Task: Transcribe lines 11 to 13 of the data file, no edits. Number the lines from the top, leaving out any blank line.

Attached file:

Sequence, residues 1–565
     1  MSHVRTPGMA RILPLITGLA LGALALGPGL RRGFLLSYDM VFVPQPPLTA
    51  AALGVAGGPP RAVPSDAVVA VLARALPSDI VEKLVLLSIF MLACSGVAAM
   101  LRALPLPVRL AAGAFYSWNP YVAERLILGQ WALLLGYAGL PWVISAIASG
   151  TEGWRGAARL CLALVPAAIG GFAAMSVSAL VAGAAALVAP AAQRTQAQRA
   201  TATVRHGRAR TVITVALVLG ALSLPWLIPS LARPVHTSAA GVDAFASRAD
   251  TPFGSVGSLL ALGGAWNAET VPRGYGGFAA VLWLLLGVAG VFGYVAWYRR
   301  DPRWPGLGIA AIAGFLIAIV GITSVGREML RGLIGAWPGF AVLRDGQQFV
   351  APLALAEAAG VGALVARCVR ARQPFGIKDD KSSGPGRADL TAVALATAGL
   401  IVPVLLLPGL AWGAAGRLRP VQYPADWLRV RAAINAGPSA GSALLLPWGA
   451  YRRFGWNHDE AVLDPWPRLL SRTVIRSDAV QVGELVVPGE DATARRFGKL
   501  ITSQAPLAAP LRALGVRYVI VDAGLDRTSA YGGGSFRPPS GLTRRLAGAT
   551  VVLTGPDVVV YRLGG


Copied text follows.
   451  YRRFGWNHDE AVLDPWPRLL SRTVIRSDAV QVGELVVPGE DATARRFGKL
   501  ITSQAPLAAP LRALGVRYVI VDAGLDRTSA YGGGSFRPPS GLTRRLAGAT
   551  VVLTGPDVVV YRLGG